Luke Donald, Europe’s captain, joins the call to “fix” the new world ranking system, but says he will take the shortcomings into account when selecting his six wildcards for September’s Ryder Cup in Rome.
There is growing disagreement over a mechanism that appears to favor the PGA Tour by reducing points for winning other Tours and field-restricted events.
The changes have led Lee Westwood to state that it is “now impossible for a pro riding primarily on the European Tour to get into the top five in the world” and even Tiger Woods has demanded that the anomalies be ruled out.
Meanwhile, Spaniard Jon Rahm has only moved up from fifth to fourth in the standings despite winning three of his last four starts and his situation looks even stranger this weekend at the American Express Championship in California. If he wins again he will jump to third, but if Patrick Cantlay is victorious he will move from fifth to first. Donald recognizes the mistakes.
“When you talk to statisticians, they tell you it’s fairer now, but it seems a little off,” Donald told Telegraph Sport. “Maybe it was a bit soft before and now it’s gone too far in the other direction. They need to figure it out because I don’t think it really values how hard winning is, no matter where a player wins and no matter how big the field is.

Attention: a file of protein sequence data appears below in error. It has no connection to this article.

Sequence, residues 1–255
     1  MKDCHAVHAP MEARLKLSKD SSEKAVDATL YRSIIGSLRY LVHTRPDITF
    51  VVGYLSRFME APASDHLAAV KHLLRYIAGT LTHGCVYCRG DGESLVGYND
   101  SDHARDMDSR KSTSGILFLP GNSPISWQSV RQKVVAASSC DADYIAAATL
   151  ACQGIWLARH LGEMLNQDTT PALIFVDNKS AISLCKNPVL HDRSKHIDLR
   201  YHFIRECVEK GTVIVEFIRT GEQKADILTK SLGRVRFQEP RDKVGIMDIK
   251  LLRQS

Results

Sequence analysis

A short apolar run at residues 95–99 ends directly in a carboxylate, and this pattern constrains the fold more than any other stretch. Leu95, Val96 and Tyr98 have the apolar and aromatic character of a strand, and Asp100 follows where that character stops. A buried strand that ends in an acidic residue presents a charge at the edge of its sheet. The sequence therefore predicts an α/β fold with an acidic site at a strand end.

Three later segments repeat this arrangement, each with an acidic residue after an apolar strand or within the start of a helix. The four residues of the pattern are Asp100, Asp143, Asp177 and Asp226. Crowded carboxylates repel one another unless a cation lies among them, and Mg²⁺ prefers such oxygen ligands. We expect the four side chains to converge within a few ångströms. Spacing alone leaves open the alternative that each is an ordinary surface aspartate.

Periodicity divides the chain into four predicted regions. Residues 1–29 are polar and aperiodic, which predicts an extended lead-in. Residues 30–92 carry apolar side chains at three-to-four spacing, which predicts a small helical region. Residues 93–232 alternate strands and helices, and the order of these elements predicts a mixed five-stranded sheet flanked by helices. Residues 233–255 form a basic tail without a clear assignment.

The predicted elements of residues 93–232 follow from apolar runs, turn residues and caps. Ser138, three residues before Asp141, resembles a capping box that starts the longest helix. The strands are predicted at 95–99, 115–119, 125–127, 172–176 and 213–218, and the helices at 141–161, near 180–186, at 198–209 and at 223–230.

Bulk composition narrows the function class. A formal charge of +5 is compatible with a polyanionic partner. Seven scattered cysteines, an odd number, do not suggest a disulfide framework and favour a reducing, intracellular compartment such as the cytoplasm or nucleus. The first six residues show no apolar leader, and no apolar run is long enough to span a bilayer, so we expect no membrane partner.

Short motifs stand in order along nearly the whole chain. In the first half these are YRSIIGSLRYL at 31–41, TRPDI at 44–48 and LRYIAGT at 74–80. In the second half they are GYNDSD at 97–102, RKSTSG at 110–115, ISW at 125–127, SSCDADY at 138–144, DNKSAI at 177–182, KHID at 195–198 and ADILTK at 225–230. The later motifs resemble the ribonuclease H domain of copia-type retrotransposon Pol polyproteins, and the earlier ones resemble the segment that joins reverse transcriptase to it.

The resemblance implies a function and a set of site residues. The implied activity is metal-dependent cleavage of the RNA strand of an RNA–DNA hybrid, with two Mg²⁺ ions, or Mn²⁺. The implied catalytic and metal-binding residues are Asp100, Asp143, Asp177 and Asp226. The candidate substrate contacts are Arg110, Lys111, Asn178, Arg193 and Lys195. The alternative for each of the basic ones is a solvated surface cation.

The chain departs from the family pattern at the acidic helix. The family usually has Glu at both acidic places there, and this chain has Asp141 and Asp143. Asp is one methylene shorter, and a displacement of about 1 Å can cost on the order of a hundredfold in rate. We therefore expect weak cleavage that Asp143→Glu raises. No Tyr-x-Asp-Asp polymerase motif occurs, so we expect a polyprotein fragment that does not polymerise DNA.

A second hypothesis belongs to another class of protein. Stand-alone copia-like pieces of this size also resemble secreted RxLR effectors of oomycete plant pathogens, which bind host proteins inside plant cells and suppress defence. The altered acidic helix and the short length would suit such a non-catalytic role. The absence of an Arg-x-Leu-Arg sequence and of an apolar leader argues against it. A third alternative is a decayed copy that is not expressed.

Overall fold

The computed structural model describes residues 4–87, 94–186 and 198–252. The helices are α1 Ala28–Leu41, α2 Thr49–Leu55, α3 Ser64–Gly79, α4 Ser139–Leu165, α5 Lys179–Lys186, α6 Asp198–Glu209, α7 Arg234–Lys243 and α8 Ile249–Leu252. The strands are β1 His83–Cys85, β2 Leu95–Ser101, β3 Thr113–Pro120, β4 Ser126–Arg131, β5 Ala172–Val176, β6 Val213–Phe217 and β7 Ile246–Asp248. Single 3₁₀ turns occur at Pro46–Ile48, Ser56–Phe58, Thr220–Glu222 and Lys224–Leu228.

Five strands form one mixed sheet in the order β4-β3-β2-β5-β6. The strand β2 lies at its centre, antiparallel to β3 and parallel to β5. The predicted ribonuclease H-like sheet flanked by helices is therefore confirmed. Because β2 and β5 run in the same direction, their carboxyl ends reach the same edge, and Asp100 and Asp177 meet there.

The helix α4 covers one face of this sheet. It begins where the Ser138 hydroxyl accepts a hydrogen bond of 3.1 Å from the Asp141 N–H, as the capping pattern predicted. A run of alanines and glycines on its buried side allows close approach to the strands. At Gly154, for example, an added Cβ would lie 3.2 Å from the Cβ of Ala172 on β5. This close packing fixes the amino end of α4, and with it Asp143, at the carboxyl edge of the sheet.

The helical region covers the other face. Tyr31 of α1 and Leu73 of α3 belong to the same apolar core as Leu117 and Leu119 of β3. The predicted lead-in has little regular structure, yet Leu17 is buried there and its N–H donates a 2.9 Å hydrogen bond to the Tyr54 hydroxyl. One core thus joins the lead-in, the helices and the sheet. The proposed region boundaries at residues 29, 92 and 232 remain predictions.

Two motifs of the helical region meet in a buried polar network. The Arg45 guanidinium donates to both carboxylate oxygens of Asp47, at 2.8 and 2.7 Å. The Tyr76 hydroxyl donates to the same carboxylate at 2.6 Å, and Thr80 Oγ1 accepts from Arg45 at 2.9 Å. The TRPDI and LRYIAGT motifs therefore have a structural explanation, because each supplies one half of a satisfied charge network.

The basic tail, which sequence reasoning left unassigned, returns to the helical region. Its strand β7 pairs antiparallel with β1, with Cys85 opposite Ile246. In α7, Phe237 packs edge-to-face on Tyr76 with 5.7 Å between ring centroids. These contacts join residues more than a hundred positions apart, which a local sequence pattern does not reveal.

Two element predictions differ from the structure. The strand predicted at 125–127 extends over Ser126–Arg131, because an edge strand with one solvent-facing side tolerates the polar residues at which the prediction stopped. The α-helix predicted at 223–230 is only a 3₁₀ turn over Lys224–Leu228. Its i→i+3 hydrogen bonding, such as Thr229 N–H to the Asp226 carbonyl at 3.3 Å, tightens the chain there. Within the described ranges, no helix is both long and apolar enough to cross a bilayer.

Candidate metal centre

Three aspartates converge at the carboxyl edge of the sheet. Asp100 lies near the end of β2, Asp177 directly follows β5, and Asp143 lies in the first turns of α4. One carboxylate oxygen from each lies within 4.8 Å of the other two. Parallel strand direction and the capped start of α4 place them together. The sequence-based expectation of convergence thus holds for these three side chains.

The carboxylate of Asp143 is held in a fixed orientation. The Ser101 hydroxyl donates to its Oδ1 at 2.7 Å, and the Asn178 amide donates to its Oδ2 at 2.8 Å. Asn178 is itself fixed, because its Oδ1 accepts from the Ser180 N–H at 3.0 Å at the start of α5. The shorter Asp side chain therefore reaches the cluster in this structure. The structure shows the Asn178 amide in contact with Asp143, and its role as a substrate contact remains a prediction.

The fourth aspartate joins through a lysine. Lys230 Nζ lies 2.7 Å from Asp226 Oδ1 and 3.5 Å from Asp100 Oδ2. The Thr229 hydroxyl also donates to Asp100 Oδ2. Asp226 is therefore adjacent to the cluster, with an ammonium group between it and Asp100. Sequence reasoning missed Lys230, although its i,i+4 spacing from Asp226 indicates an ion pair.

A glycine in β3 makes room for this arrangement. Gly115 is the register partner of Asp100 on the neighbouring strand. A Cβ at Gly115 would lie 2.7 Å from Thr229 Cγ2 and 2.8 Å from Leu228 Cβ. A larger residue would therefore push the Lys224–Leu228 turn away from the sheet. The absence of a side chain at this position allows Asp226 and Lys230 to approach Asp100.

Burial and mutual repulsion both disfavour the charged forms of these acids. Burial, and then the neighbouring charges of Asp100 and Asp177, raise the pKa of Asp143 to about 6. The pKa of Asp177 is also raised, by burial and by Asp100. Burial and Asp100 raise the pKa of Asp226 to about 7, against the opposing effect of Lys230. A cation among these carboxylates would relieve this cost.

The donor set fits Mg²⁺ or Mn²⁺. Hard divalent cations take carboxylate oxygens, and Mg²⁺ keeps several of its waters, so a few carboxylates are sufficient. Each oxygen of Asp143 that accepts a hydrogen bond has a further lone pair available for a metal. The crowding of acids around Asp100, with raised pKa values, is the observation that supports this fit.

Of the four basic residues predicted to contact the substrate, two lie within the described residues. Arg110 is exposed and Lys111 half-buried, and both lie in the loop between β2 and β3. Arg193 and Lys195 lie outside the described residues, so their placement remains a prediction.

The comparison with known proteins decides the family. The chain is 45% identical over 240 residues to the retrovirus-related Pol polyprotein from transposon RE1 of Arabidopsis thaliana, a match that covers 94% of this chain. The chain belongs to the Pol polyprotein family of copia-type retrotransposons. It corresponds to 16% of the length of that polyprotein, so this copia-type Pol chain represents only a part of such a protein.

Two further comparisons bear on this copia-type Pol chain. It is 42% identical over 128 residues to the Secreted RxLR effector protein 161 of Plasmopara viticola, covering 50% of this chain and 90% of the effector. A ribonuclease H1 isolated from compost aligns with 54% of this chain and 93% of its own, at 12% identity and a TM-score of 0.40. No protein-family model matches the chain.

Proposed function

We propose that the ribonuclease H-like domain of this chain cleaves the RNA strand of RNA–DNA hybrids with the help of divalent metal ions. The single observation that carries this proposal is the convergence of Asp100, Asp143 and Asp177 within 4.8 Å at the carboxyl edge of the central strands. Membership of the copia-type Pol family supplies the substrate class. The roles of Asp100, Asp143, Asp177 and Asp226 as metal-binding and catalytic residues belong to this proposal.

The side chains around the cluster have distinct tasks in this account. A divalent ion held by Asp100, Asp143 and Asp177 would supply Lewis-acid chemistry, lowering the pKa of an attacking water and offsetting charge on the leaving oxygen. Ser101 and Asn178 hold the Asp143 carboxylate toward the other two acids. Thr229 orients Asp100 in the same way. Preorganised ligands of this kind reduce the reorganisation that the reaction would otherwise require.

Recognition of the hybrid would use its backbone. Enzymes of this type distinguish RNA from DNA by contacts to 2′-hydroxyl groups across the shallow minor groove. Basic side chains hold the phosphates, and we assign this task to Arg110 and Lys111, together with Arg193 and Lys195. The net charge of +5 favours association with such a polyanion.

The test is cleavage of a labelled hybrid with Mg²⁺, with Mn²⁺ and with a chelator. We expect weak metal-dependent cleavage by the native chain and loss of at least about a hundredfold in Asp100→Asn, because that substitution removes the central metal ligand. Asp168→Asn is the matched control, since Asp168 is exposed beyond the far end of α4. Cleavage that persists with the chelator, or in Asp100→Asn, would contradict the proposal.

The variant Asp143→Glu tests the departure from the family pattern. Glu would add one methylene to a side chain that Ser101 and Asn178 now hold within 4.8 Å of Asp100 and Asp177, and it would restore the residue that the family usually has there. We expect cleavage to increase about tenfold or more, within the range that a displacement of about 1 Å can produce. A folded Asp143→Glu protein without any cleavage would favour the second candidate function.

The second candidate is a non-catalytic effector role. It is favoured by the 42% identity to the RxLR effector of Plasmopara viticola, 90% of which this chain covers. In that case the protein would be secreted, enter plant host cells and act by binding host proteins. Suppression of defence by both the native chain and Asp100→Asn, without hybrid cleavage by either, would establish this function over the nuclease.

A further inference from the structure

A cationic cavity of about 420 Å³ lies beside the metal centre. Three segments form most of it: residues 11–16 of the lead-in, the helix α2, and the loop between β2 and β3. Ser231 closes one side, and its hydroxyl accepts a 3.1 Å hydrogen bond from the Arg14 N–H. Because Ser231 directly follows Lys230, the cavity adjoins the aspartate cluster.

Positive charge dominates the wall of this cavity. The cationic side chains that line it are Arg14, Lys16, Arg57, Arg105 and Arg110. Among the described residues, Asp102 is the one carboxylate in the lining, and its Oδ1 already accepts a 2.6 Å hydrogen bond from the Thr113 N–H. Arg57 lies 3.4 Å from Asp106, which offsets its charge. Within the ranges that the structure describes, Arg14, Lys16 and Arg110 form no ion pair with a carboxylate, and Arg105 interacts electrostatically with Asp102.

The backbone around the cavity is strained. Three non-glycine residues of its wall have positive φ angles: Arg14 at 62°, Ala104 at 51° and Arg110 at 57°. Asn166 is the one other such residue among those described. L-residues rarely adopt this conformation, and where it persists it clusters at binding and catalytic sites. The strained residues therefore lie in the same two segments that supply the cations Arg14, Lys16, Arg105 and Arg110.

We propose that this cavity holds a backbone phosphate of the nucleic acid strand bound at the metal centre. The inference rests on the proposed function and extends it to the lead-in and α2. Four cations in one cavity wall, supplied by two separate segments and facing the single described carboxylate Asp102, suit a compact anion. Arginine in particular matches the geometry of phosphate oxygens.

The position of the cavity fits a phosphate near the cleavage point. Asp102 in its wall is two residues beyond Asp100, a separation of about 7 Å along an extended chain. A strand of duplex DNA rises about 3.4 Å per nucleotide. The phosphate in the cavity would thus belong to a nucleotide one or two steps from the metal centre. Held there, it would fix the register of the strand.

“However, it could take months to recover and it might not be in time for the Ryder Cup and it could still be lopsided against those playing on the DP World Tour. It seems harder than ever for some of our young guys to get into the top 50 in the world and from there to get through to the biggest events. I want the players to know that I will take all this into account when I make my choice of captain.”
Donald plays in the Abu Dhabi Championship at Yas Links, but tied for 26th with seven under, six behind leaders Shane Lowry (66), Francesco Molinari (69) and Si Woo Kim (66), his chance of an unlikely win looks unlikely lost.
However, Donald’s predecessor, Padraig Harrington, could make history. The 51-year-old is just two back at 11-under after a brilliant 64 and is dazzling in contention to become the Tour’s oldest-ever winner.
“It would mean a lot to me,” he said.
Harrington has won four times on the Champions Tour since joining last year, including the US Seniors Open, and believes this experience has given him a new life in competition.
“I believe I’m better than ever, but that doesn’t mean that’s a fact,” said the three-time major winner.
“My focus is great. I had six birdies in a row today and I didn’t even know it until I drew my card. It’s funny because I was one of the first players to keep track of their own stats. But now that everyone keeps track of their own statistics, I refuse to do them because I don’t want to be part of the crowd. I must be different.”